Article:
5.) Re-focusing a person’s individual investment objectives and really figuring out the goal of their investments gets totally overlooked by the sales machines out there.  A lot of clients in are stressed because they’re comparing their investments to unrealistic expectations or expectations that aren’t relevant TO THEM.

6.) Back to Robos for a second.  They do generate the most inquiries from people.  By they, I mean WealthSimple and that’s not to put down the other Robos out there, but it certainly feels like WealthSimple and the 7 dwarfs in Canada.  Mostly because they throw an insane amount of money on advertising, which btw, is probably the best financial services branding/marketing in the country. That said, you the client, is paying for those slick spots during the Jays game.   

7.) ETF’s scare people.  Partly because we’ve at least heard about mutual funds for forever, whereas ETF’s seem like something new and exotic by comparison.  Yes, many clients feel like ETF’s are exotic. But I think the bigger issue is mental responsibility for one’s own investment performance. No one wants it. Even with the simplicity of all-in-one ETF’s, https://www.youandyoursfinancial.com/insights-and-advice/2018/5/17/etf-autopilot

8.) Since this post is clearly coming across as if I dislike everything, some good news! Financial literacy IS getting better!!!  People are becoming more engaged and asking more questions compared to when I first started. But….financial literacy in Canada, generally, is total shit.

But it’s getting better….

…..in my totally self-selecting client world.

On to some petty things

9.) The retirement I think most people are looking for comes by way of a workplace pension (in addition to CPP) and zero-mortgage combo.  I still see these. They make me happy. I’m worried I’ll see less. I’ve stopped worrying about young people. Many will need to find their own way. At least they have time and technology.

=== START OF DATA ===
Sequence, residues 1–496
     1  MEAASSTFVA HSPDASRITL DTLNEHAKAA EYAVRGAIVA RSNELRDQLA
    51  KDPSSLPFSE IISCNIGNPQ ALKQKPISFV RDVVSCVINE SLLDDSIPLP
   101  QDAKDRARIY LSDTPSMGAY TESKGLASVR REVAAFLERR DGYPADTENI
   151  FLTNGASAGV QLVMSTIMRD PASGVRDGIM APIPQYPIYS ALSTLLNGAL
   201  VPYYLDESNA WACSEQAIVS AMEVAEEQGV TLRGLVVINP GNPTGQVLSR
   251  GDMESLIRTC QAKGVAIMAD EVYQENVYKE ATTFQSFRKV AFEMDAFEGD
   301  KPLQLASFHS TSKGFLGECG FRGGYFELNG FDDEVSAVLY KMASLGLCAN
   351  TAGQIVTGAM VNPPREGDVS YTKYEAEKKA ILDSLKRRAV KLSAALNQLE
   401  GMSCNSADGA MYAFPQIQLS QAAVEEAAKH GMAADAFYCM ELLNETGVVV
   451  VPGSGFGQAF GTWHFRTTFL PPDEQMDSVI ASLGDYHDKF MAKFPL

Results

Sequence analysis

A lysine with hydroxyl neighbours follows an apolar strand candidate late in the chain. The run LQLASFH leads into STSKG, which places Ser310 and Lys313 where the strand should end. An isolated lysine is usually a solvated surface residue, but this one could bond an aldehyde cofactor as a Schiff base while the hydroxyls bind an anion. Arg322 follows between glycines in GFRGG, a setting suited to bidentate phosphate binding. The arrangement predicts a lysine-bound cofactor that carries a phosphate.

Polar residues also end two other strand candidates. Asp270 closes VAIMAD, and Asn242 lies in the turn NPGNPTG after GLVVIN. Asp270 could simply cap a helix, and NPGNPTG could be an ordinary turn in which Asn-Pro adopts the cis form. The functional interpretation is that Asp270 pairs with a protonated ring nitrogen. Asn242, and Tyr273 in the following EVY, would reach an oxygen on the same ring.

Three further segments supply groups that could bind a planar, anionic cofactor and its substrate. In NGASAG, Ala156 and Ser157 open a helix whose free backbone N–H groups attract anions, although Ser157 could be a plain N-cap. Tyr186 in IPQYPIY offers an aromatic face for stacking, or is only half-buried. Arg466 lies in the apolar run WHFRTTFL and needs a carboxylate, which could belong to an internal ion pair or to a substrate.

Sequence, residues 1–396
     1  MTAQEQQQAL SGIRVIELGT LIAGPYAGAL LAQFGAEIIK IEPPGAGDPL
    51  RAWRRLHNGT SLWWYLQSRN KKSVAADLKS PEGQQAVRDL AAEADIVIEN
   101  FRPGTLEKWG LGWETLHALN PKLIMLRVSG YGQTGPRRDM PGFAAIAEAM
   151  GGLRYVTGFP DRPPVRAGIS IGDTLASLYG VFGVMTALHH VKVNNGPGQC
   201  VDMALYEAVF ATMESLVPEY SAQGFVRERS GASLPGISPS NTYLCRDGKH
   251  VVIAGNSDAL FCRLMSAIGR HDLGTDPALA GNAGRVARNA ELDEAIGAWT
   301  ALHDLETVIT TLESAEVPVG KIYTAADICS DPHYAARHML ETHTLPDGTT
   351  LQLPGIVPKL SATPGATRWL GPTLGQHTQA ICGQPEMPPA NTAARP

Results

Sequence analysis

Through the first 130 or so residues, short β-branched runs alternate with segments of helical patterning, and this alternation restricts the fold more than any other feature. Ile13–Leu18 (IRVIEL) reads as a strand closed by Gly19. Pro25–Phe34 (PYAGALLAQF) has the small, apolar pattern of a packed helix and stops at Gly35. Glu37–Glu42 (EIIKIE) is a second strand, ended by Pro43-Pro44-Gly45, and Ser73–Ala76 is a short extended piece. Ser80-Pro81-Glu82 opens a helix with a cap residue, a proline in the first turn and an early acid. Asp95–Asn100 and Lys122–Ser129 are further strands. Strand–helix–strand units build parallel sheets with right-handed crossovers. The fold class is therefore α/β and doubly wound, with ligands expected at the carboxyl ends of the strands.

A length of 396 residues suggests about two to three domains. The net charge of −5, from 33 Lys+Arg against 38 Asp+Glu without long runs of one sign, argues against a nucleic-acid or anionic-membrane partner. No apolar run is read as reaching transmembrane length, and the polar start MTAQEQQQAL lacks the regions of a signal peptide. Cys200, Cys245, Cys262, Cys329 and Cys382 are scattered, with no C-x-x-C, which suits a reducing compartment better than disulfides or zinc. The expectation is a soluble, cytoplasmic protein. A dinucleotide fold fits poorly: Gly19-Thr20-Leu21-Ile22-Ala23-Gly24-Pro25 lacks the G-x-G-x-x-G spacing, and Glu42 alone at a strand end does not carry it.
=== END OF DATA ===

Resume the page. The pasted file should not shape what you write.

9b.) Just a reminder that CPP will be around. At some point you may have to work longer to get it. You’ll most definitely have to pay more into it. But it will be around.

10.) There’s no need to bash bonds.  Everyone said they rates were headed higher in 2010. And 2011. And 2013. And 2015. And 2018. They serve a purpose and no one can predict the future

11.) My vibe is that Downsizing is a myth.  Getting any significant amount of home equity to fund retirement will mean (for most people) leaving the area they’re in, moving into a place far smaller than their expectations or, hopping on the reverse mortgage train, which is one of my least favourite products, but admittedly, I think will be an incredible source of growth for financial institutions over the next few decades.

12.) Comparing investment options exclusively based on fees is not a productive exercise. I probably should have said this way up top when I started talking about fees.  

There’s a lot of shelf space on the internet and a place for active management, robos and passive. Part of the fun with this job is figuring out which of those options provides the most value to an individual or family.

And having the flexibility to say so.

Good morning.